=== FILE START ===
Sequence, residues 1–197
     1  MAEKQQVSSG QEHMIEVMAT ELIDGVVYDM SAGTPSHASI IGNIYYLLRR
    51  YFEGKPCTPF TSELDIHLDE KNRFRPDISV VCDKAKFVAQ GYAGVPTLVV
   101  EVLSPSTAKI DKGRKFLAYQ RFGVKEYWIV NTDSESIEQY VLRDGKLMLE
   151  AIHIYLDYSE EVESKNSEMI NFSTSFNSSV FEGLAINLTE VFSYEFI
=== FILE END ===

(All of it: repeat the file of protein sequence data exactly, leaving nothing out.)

Sequence, residues 1–197
     1  MAEKQQVSSG QEHMIEVMAT ELIDGVVYDM SAGTPSHASI IGNIYYLLRR
    51  YFEGKPCTPF TSELDIHLDE KNRFRPDISV VCDKAKFVAQ GYAGVPTLVV
   101  EVLSPSTAKI DKGRKFLAYQ RFGVKEYWIV NTDSESIEQY VLRDGKLMLE
   151  AIHIYLDYSE EVESKNSEMI NFSTSFNSSV FEGLAINLTE VFSYEFI